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hi all

getting interested in anamorphic, i've read a few about it and i am still learning.

first i thougt it was really anoying to shoot anamorphic, double focus, weight, rig ...

then a friend showed me the optex adapter and then it gets interresting.

but not perfect.

the optex has no oval bokeh :(

so need your help finding what could be best for my use and budget.

as of now i have a fuji xt3, so apsc with no 4/3 mode yet 'maybe fuji will implement it in a future fw), but i am thinking about getting a bmcc in the future.

i love to shoot hanheld, don't often shoot on a tripod.

so i would love an adapter as convenient as the optex but with oval bokeh and the ability to use wide lenses, i love wide angles lenses. and of course nice flare.

double focus, don't know it, neved used but i guess it would be a pain for me as i like to shoot handheld and in movement sometimes.

so where do you think i should look at in terms of adapter(s) ? guess i am looking for what's everyone is looking for too 😄

thanks for the help

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EOSHD Pro Color for Sony cameras EOSHD Pro LOG for Sony CamerasEOSHD C-LOG and Film Profiles for All Canon DSLRs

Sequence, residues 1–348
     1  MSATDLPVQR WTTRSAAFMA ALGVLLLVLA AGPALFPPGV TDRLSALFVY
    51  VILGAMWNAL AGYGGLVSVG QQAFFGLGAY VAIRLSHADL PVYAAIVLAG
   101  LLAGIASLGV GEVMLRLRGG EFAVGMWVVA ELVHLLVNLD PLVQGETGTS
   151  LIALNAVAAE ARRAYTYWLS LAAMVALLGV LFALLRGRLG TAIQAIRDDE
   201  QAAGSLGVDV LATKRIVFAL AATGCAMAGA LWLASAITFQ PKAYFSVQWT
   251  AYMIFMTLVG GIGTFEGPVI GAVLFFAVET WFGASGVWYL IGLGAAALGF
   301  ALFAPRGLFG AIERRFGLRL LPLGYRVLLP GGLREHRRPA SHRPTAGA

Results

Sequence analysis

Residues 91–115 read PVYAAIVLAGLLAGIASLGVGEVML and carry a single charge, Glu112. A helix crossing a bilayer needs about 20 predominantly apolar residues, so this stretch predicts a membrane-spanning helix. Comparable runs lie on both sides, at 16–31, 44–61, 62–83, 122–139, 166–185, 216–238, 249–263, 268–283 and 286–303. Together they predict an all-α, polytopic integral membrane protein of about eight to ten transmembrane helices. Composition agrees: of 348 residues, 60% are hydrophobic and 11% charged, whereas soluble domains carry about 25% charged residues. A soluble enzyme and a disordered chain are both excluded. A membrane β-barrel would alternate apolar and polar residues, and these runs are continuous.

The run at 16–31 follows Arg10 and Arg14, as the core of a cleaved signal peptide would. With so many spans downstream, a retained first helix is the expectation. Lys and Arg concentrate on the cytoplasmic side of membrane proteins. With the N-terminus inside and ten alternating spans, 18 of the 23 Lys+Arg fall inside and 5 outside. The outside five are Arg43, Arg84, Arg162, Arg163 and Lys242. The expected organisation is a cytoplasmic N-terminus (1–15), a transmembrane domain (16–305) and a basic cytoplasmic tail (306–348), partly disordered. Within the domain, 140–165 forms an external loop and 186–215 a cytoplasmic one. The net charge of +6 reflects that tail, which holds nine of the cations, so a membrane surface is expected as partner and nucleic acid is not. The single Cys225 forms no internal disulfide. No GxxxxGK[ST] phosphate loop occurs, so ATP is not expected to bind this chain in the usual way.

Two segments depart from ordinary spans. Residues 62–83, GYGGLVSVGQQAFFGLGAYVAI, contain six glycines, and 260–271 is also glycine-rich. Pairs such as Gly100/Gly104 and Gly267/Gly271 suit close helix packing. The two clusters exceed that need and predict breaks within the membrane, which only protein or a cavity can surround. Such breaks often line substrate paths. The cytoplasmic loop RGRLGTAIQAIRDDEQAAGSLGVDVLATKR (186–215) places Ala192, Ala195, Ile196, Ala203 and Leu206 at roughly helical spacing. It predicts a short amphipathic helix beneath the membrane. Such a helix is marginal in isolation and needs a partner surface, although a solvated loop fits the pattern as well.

Everyone will have a slightly different opinion on this, but I would pretty much say if you’re after anamorphic in 2019, it is for the stylistic optical idiosyncrasies historically associated with Hollywood’s long-standing use of 2X squeeze factor lenses. 

1.33X squeeze factor lenses will get you a very mild/watered down version of that look, and in most cases will end up being almost as expensive as 2X options, or will be poor quality optically. 

1.5X lenses can be great, but there were never many made, so they fetch a high price.

Good 2X adapters are well-regraded at this point, and you’ll be hard pressed to get one for a truly “budget” price. But there are still a decent quantity of quality examples floating around. All this being said, they are priced as they are because the resulting look is absolutely worth it, and they are still priced low enough that they are accessible.